Dear Chairman Mendelson;
I am writing to repeat my strong opposition to your proposal to take $7.5 million from the Renewable Energy Development Fund and move it to the General Fund in the FY 2018 budget.
Please vote tomorrow to right this wrong.
Because it is wrong—very wrong.
The money in the Renewable Energy Development Fund is restricted by law for use in developing renewable energy resources, and in particular to support the Solar For All program to lower the electricity bills of at least 100,000 low income District resident customers. The Renewable Energy Development Fund was specifically set up by the Council to operate without fiscal year limitation. The Fund is SUPPOSED to have a balance at the end of the fiscal year—it’s the best way to allow multi-year planning and commit support so projects that don’t have to stop and start every 12 months.
The money in the Renewable Energy Development Fund comes from electricity ratepayers. Retail electricity suppliers have to pay the Alternative Compliance Fee into the Fund—and pass the cost on to their customers– because there are not enough solar facilities in the District from which they can purchase Solar Renewable Energy Credits. So taking the money sets up a vicious circle—it isn’t used to support solar facilities, so there are fewer facilities with SRECs to sell to suppliers, so the suppliers and their customers have to pay more compliance fees, never closing the gap and costing customers more and more each year.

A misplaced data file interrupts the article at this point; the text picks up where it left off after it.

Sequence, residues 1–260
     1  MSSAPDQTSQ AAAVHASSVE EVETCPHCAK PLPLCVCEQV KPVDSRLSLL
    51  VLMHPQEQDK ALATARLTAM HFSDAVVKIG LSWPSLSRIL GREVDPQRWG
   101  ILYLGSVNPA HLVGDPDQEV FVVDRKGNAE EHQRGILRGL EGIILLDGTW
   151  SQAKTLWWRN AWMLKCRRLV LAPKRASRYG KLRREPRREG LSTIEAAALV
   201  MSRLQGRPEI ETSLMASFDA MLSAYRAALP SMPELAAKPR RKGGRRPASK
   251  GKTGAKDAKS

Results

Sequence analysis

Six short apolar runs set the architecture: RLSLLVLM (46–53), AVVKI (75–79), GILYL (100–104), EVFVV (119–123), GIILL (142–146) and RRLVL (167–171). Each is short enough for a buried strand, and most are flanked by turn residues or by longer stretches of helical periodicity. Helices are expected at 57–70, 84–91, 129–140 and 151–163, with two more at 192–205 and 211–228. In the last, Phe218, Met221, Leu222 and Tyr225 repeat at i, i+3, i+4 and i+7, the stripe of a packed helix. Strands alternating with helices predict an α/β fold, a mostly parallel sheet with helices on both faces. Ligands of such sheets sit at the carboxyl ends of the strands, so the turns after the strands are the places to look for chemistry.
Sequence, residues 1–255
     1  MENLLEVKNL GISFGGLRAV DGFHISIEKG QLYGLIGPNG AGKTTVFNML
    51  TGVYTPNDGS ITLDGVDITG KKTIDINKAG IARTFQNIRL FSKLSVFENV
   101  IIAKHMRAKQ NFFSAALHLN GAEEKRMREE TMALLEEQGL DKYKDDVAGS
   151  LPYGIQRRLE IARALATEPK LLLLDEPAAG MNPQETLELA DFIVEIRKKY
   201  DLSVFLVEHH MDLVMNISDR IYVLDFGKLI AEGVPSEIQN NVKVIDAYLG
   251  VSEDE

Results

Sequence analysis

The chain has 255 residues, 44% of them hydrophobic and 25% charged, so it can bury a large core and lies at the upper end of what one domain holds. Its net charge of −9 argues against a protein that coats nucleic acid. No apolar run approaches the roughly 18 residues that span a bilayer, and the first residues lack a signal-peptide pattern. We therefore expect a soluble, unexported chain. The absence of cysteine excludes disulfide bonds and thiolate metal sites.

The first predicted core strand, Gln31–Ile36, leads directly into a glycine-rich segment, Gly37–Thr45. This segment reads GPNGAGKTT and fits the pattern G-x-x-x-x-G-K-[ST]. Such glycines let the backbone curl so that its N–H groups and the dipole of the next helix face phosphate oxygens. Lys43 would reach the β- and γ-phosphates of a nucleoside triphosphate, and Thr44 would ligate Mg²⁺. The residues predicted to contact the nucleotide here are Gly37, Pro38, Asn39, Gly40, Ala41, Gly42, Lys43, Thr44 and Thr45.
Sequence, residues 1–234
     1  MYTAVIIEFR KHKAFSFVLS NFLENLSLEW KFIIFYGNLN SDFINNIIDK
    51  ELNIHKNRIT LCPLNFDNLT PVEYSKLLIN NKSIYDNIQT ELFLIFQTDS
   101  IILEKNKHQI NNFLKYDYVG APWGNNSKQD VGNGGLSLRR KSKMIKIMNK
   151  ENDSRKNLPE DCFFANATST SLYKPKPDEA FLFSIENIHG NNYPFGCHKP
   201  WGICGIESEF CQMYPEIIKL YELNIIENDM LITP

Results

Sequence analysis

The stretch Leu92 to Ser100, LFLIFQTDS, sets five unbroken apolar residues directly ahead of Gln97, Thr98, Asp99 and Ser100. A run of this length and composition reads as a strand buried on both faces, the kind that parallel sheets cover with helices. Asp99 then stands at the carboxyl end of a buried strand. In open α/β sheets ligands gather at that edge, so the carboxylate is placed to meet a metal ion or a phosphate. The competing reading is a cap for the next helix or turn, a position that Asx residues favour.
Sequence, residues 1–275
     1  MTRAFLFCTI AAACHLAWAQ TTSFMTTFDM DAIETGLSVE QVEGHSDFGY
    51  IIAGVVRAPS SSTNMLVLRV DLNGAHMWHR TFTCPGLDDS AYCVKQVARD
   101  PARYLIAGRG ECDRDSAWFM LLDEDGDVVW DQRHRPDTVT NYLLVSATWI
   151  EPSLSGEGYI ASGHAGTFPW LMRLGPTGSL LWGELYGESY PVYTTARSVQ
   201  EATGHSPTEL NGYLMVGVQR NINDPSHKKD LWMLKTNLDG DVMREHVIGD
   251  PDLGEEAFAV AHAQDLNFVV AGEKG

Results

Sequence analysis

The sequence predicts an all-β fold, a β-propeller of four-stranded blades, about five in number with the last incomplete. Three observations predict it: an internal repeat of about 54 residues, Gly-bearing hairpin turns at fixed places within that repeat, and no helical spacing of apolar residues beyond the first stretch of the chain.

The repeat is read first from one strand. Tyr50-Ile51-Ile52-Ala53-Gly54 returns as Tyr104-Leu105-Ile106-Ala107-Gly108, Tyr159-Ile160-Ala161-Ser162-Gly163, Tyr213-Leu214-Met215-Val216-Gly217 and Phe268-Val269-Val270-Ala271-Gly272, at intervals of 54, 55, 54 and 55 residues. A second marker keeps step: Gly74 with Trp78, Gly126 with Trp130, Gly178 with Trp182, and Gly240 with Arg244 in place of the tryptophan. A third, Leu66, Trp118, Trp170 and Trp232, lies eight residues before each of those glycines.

DC customers paid $15 million extra because of the shortfall in DC-based solar facilities in 2016. Our consultant estimates that DC residences and businesses already pay 10% more for electricity because of the cost of RPS including the Alternative Compliance Fee.
Saying that it is okay because more money will come in next year to pay for this year’s projects doesn’t help either. It just means that customers are paying twice for the same thing.
The Council raised the Alternative Compliance Fee last year, keeping it at its high level through 2023. The least you can do is guarantee that it will all be used for its intended purpose, to develop more renewable energy for all parts of the city and eliminate the growing shortfall of DC based solar—and the need for more and more fees to be passed on to electricity customers.
After the embarrassing report of the DC Auditor last year, which found that almost $40 million had been diverted by the Council from the REDF in its initial years, I was pleased to see that the practice had stopped in fiscal 2017 and was not proposed by the Mayor for fiscal 2018. Whatever could be a justification for proposing this wrong practice again?
The Renewable Energy Development Fund is not a piggy bank to be raided at will.
Please reverse this wrong decision.
Betty Ann Kane
Public Service Commission of the District of Columbia
1325 G Street, N. W., Suite 800
Washington, DC 20005